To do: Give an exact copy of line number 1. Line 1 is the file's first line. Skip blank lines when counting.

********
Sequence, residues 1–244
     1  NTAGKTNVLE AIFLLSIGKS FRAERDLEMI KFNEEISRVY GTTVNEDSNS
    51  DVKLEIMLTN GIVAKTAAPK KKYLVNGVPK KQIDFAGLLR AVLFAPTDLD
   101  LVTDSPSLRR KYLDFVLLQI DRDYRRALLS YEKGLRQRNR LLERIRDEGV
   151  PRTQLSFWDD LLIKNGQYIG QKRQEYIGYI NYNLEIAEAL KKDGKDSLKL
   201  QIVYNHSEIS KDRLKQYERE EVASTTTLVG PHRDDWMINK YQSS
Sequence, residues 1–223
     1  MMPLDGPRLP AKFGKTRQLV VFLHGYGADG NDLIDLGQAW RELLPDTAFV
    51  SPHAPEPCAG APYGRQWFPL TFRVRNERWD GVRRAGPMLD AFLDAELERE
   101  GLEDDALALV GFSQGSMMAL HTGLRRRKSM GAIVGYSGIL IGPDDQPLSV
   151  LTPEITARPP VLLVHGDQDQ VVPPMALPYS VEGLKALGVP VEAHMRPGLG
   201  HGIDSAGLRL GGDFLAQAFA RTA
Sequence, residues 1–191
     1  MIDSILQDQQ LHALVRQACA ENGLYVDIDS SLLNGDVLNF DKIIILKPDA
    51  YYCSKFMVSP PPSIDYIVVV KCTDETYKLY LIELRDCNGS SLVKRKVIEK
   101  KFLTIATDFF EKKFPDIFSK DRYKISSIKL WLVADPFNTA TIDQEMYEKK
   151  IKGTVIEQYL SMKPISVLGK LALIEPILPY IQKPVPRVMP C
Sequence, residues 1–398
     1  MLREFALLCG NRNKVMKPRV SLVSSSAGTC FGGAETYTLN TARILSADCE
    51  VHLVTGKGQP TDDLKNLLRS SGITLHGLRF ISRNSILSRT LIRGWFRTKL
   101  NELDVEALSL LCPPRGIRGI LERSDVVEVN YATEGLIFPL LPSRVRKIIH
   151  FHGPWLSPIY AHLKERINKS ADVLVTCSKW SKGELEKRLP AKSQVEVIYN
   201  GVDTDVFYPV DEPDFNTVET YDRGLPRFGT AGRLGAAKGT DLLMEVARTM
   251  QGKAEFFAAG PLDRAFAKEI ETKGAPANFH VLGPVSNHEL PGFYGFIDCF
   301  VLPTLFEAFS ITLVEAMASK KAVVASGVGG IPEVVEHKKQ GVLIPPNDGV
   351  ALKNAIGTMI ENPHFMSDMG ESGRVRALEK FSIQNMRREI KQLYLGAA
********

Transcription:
Sequence, residues 1–244